Native Australian Spices and Herbs : Some Recipe Suggestions
Spices and herbs are the lifeline of any cuisine. The way each cuisine of the world had been using spices and herbs, is a wonder that unfolds with each bite we relish with our senses. The classic flavor combinations have been time tested and it is not so much of a surprise that each one of the classic flavor combinations is good for health as well in terms of micronutrients and assimilation of nutrients in general.
Last month I received a spice box from Foodie Trails and Australia Tourism and the contents were really interesting. Seeing some tart fruit powders like Davidson Plum, Kakadu Plum, Quandang Peach, Finger Lime etc reminded me of how we use our anardana, amchoor, berchoor (yes, the powder of tart red zuzubes) and even crushed apricots that one finds in Leh markets. I was wondering if we could get tamarind, kokum and even elephant apple powders processed so beautifully.
The spice box had a few myrtle varieties too and I was amazed to see how potent flavor each one is. That’s not just because these plant products are themselves so flavorful but how well these are processed and packaged too. The powders have retained the colors and flavors really well and once they are added to the food, the aromas hit the senses gently and pleasantly. I was amazed with the aniseed myrtle when I used it in an herb tea and then in this ragi banana pancake.
Taking a cue from classing flavor combinations has always been useful when trying out new herbs and spices and that’s what I did.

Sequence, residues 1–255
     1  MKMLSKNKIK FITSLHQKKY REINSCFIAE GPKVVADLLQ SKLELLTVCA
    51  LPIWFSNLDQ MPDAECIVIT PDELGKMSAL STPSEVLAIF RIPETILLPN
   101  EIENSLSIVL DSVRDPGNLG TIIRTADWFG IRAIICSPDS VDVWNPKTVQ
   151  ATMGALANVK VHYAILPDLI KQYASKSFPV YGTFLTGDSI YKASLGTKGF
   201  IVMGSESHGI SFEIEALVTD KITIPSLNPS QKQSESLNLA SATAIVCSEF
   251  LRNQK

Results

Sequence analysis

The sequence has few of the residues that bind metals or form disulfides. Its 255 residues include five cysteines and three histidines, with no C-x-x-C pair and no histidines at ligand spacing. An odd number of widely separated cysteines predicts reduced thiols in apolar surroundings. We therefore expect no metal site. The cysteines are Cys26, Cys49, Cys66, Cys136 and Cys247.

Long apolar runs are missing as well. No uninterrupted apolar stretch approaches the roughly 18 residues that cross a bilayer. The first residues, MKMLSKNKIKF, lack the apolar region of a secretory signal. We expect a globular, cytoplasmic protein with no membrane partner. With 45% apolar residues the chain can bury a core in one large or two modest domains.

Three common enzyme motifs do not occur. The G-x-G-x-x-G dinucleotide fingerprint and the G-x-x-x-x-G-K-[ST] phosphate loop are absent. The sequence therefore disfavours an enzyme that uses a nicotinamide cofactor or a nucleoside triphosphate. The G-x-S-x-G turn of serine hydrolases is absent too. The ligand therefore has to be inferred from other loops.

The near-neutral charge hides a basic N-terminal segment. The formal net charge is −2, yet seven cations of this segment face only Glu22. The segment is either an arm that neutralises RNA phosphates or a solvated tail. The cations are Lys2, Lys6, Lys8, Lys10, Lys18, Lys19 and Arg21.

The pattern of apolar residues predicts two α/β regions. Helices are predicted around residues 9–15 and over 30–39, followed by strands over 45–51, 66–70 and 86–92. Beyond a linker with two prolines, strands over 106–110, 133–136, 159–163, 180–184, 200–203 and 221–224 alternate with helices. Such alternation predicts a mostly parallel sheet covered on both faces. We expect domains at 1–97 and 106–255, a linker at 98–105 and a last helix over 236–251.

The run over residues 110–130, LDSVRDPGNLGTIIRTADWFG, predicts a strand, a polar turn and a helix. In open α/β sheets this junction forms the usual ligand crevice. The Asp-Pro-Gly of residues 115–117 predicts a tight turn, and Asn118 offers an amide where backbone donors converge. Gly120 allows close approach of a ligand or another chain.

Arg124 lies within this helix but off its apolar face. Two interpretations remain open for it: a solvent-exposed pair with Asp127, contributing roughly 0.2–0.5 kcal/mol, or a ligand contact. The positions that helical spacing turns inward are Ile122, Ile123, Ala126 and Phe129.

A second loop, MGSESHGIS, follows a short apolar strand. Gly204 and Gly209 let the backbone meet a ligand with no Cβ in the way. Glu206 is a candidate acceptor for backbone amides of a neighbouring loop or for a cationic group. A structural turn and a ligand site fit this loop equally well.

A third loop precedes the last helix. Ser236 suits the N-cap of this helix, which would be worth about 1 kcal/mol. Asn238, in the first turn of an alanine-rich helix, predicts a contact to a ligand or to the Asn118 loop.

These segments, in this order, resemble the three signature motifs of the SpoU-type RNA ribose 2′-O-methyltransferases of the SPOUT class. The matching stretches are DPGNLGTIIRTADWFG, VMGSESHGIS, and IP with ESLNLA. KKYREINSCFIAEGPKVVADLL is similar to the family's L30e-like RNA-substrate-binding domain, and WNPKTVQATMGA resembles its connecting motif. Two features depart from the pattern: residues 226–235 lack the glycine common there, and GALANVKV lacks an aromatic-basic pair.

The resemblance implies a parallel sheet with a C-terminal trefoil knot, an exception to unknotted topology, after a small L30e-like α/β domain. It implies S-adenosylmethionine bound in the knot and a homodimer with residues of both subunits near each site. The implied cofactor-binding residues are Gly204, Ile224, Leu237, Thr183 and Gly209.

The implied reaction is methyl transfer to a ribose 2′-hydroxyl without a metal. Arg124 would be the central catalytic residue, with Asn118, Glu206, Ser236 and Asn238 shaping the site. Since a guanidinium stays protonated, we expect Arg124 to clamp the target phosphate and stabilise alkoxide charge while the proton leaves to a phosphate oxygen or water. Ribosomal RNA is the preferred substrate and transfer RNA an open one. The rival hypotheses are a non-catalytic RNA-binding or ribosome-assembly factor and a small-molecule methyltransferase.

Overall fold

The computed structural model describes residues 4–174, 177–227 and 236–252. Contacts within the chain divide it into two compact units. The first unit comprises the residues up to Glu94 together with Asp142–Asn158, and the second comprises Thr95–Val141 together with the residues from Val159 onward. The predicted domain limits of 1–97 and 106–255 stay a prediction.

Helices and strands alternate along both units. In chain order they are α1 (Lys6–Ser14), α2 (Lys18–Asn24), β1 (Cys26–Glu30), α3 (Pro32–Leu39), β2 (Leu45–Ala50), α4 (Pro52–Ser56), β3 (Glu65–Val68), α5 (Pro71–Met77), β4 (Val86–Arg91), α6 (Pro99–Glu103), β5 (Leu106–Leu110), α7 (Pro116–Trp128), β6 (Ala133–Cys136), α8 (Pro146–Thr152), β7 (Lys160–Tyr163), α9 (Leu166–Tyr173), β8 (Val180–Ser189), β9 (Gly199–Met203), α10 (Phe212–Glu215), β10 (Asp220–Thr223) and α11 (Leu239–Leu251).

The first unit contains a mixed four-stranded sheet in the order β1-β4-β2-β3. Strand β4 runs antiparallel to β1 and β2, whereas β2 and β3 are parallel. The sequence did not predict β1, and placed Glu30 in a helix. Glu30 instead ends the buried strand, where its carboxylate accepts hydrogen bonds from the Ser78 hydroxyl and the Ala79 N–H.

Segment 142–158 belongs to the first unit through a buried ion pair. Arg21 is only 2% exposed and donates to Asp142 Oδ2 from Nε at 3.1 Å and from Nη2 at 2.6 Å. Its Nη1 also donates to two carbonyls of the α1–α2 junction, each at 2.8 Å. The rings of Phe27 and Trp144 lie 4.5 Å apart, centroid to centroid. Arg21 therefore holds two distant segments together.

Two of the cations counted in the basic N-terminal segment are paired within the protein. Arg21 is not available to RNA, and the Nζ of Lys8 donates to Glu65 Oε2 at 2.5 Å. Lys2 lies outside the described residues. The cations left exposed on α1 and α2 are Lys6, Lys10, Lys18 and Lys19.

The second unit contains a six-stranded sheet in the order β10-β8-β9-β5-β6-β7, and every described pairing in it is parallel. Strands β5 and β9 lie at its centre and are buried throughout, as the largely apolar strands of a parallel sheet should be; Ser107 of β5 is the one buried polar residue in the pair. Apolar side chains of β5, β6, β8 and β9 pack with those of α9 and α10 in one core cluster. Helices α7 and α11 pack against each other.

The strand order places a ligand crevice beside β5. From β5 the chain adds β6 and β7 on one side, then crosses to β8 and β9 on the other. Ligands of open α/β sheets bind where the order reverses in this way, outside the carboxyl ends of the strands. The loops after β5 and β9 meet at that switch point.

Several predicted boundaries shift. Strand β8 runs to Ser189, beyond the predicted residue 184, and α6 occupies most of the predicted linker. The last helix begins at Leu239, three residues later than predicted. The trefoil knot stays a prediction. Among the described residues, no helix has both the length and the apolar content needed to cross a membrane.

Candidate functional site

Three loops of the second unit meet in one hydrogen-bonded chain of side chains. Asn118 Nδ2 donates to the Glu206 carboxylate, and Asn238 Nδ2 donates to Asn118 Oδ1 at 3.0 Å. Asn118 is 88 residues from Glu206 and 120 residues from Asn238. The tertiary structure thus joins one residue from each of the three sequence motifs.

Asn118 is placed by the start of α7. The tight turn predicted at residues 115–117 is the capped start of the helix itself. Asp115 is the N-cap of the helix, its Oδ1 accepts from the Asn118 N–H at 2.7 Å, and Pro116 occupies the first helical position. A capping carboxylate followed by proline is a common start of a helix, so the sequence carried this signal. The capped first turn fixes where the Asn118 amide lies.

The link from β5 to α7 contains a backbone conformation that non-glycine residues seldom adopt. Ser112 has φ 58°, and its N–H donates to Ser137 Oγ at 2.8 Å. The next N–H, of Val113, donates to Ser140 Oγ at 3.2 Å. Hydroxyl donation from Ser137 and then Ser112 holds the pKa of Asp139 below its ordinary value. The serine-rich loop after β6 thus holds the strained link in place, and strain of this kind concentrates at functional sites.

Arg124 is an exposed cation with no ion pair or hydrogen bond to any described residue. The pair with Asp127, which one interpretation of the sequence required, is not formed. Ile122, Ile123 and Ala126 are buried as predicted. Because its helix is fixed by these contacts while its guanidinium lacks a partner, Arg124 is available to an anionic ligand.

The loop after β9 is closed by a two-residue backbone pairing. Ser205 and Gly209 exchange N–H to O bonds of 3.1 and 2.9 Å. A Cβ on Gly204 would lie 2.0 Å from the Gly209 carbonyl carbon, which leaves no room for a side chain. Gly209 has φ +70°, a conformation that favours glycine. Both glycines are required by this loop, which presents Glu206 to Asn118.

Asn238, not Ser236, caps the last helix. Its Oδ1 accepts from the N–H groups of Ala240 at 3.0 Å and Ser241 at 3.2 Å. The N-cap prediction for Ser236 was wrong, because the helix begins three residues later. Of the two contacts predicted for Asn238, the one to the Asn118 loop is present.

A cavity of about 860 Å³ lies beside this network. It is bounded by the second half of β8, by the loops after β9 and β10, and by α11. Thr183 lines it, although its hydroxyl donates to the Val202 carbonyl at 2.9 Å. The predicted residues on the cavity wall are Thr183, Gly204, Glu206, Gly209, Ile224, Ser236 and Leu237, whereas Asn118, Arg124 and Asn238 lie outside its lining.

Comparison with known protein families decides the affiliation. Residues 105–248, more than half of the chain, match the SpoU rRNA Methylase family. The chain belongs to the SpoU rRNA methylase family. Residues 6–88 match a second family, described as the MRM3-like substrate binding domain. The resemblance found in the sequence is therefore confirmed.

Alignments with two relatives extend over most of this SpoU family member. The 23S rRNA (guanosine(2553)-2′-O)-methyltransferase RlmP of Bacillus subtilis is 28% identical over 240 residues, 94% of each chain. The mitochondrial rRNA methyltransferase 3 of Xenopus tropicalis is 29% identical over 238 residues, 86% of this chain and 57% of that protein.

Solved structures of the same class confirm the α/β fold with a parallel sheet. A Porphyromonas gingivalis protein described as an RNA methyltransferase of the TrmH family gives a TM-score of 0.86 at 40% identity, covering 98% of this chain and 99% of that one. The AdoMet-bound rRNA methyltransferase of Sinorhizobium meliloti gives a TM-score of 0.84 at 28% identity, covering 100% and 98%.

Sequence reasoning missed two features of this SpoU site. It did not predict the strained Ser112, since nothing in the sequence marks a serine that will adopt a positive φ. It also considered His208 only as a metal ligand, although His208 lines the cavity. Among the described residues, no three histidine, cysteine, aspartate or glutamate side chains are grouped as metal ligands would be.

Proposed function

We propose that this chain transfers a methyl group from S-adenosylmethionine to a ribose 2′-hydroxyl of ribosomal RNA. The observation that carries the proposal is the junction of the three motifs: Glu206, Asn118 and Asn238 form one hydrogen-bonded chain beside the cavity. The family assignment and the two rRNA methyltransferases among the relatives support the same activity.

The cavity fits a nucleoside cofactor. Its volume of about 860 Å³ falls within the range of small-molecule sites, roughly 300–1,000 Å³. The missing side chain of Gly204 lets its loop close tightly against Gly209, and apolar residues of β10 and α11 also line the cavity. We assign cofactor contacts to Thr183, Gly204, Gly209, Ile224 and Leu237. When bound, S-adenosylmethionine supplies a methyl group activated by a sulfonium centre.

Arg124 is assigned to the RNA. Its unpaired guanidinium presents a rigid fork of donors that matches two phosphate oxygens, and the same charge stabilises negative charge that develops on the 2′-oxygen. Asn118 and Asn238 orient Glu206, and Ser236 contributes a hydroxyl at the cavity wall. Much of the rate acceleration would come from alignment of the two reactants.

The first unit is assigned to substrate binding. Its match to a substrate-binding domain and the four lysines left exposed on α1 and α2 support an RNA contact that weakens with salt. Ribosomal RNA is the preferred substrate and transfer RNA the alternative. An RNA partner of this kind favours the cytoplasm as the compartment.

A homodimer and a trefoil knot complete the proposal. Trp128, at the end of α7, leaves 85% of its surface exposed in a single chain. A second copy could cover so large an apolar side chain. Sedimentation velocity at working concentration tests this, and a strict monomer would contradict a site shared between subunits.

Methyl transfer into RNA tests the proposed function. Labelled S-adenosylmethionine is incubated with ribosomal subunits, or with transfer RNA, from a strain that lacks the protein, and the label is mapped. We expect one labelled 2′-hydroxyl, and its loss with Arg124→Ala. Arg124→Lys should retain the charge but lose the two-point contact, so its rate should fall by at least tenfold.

The finger-lime powder was really good for a masala lemon tea. The bright color and sharp tartness of Davidson Plum powder worked really well for a fruit compote I made with apples and ginger.
The Mountain Pepper Leaf turned out to be great when I used it in a mutton curry with mince, the north Indian Rahra Mutton style. I used ½ tsp each of Mountain Pepper Leaf powder and Desert Lime powder and skipped adding tomatoes to the dish, resulting in a sublime aromatic flavor imparted by these two.
Here is a picture of the Rahra mutton direct from my stovetop, rustic North Indian mutton curry that has incorporated native Australian spices like its own kin.
The Davidson Plum compote with a base of apples turned out to be really good and when smeared on ragi banana pancakes that were pleasantly aromatic with the scant use of Aniseed myrtle, it was a delight.
Sharing the recipes here so you can follow these whenever you get a chance to try these fruit powders, spices and herbs coming from the indigenous communities of Australia.
Davidson Plum fruit compote with ginger
(for filling a 400 gm jar)
400 gm apples, peeled cored and diced
3 tbsp ginger grated fine
2 tbsp Davidson Plum powder
3 tbsp sugar
Pinch of sea salt
Cook the apple with ½ cup water, covered, till they get mushy.
Add all the other ingredients, mash the apples with the back of a spatula and cook till everything mixes well and starts sizzling in the pan.
Store in a glass jar and refrigerate for up to a week or use fresh.
Ragi banana (sourdough) pancake with Aniseed myrtle
(enough for 3-4 breakfast servings)
2 overripe bananas mashed
1 cup full fat milk
1.5 cup ragi (finger millet) flour
¼ cup of sourdough starter (ripe starter, I used whole wheat starter but you can use gluten free starter as well)
1 tsp Aniseed myrtle powder
2-3 tbsp ghee for shallow frying the pancakes and a cast iron pan (or any other) to make the pancakes
Mix everything together and make a batter similar to cake batter consistency. Rest for an hour or so to allow a little fermentation. You can also make this batter in the night and refrigerate overnight for cold and slow fermentation.
Heat a cast iron griddle, grease with ghee and drop spoonfuls of batter to make pancakes of desired size. Flip them once they cook on one side and drizzle more ghee to make them a bit crisp on the surface. Repeat to make all the pancakes and serve them hot topped with the compote or any other toppings that you like.